Apparently, Hardy meant this to be a black comedy. Well, he says that NOW. The religious intolerance of Howey (a sympathetic figure despite his bigotry) in the original is replaced by cardboard cutout caricatures of that specifically American breed of Christian fundamentalism. You know the gruesome twosome are not far from waving ‘God Hates Fags’ placards or firebombing abortion clinics. How can they be when they think it’s right for children to die because “that’s what the bible says”?

But, they are so cliched, and so appallingly portrayed by the actors, that they generate no sympathy whatsoever. You just want to see them die. And die horribly.

The villagers aren’t much better. Lord Morrison is, of course, revealed to be a huge hypocrite, using the villagers faith in Celtic mythology to… well, I’m not quite sure. There is a scene when he discusses their stupidity in blindly following his lead, but I don’t think we find out why he’s doing it. But then again, he may just be doing it for giggles, because this lot are a right bunch of idiots. They are not odd-looking with a hint of menace. These are just freaks, at least the ones we meet are. The budget only stretches to us getting to know about four people, but come the climax, there’s a whole hillside full of them, mostly wandering around in g-strings and painted faces.

Considering how monumentally cheap it all looks, I was astonished to find this cost almost $8 million. It’s difficult to know where that money went.

It certainly didn’t go on the cast which includes “Man Who Provides Russian Voices for Call of Duty Videogames”,  “Her That Was In Eastenders For A  Bit” and assorted Casualty and The Bill bit players.

A hilarious sign of the cost cutting occurs early on when one of Beth’s singing performances in a church is greeted by a library sound effect of a vast hall of applauding noise, but it’s accompanied by a shot of just five people in evening wear clapping.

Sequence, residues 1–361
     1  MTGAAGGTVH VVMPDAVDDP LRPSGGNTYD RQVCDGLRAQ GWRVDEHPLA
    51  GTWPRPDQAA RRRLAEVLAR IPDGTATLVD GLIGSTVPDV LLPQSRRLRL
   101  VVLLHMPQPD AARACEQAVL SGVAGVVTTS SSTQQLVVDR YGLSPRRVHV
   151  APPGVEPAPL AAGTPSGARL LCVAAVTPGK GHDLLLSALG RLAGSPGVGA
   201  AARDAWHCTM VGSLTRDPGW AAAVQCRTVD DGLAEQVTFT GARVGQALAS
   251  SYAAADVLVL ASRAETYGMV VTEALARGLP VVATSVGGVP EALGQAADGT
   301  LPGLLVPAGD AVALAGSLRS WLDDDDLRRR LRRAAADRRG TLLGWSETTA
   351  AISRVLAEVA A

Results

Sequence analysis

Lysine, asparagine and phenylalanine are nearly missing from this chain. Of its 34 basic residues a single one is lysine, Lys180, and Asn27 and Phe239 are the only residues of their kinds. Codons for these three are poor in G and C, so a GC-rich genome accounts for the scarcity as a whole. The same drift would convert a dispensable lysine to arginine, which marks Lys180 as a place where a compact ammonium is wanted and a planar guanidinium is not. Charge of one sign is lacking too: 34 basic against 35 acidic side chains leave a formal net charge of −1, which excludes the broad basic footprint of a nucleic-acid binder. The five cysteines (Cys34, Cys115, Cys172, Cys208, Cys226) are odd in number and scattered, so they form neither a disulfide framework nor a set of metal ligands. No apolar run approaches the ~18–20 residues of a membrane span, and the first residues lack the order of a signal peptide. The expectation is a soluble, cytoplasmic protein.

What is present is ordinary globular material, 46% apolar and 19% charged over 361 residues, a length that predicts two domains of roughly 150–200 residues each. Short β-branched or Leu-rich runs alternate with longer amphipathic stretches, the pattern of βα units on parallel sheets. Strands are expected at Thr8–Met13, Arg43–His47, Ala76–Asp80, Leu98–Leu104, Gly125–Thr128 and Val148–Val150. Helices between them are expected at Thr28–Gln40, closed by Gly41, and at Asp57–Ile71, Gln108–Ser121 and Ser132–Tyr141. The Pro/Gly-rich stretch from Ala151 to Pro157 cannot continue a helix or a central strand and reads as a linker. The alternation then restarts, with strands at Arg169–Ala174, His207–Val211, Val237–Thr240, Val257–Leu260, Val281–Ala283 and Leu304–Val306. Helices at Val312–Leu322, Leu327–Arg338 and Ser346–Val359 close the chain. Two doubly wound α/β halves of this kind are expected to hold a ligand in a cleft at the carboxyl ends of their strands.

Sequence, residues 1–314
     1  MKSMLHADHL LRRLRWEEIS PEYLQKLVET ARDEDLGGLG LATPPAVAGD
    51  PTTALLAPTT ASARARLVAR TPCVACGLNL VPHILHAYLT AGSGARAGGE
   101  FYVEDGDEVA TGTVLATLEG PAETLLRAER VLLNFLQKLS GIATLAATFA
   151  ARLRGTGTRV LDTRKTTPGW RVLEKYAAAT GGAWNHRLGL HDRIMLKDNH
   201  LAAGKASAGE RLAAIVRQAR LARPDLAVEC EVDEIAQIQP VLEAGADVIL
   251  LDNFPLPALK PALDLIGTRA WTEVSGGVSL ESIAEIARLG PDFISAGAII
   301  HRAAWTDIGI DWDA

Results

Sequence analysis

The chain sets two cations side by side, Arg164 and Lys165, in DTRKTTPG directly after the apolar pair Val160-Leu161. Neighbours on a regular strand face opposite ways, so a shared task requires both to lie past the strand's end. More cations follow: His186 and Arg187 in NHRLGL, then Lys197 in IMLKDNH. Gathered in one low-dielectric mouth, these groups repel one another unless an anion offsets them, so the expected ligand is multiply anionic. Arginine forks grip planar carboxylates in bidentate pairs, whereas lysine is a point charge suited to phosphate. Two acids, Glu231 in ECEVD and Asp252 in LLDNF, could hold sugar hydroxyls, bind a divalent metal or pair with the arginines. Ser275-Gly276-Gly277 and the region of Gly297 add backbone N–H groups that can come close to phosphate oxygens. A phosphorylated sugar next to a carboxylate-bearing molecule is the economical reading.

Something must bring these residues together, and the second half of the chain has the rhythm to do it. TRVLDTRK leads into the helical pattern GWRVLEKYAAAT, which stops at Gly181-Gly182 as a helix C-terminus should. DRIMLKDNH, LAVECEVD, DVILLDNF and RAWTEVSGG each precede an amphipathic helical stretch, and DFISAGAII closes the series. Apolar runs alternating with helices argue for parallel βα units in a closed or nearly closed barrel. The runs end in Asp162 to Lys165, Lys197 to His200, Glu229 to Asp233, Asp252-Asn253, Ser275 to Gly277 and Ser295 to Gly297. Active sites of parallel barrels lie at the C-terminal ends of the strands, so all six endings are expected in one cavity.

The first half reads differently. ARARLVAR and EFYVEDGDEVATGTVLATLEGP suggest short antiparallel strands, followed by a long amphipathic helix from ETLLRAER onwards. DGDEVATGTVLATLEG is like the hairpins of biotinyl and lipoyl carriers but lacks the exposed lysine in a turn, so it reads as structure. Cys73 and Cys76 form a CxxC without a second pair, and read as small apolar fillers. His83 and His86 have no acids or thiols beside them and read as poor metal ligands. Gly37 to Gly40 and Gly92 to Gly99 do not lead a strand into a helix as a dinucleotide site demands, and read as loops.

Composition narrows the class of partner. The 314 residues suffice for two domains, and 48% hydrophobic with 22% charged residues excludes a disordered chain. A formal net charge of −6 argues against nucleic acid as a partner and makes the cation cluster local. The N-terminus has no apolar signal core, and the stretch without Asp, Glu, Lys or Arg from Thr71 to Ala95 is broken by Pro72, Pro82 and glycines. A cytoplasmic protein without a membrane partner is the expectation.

One sequence, the best in the film, briefly gives us a glimpse of some spending, when Steve is pursued across some lovely Scottish landscapes, in the “Laddie Hunt”, a kind of human fox hunt. It’s reasonably exciting, and well-shot. Sadly it’s short-lived.

As a final indignity, the film ropes in Lord Summerisle himself, Christopher Lee, for a pointless, though no doubt box-office friendly, flashback cameo as Lord Morrison’s dead dad. He is not playing Lord Summerisle.

Sir Should-Not-Be-Appearing-In-This-Film

And what of The Wicker Tree itself? Well, your guess is as good as mine. We’re led to believe it is to be the centre-piece of the May Day celebration. It’s prepped for burning, presumably, a sacrifice of some sort. But other fates await the un-dynnamic duo of Americans, so who is it for?

The Wicker Tree burns, while Beth tries to work out why

Hardy has been keen to point out that The Wicker Tree is not meant to be taken as a remake, or even a sequel. So why call it The Wicker Tree then? You can’t give the film that title and then not expect them to make comparisons to it. It’s like the Hollywood remakes who claim “No, it’s not a remake, it’s a new story taking ideas from the original”. Well don’t give it the same name then!!! (The Thing, I’m looking at you…) If it’s not meant to be a sequel, then it should have stuck with one of its rejected titles. I quite like Cowboys for Christ. That at least would have primed the audience for a black comedy rather than The Wicker Tree, which primes them for a bloody sequel, and a film in a similar vein.

The Wicker Tree is appalling film-making on almost every level. In some ways it does more damage to The Wicker Man than Neil LaBute’s remake, because it was made by Robin Hardy. Had it been made by anyone else, it could have been dismissed as a money-grabbing, soul-less attempt to milk ‘the Wicker brand’. As it stands, it’s a sad, desperate attempt to recapture the magic of a wonderful piece of cinema, and it finally succumbs to the Wicker Man Curse.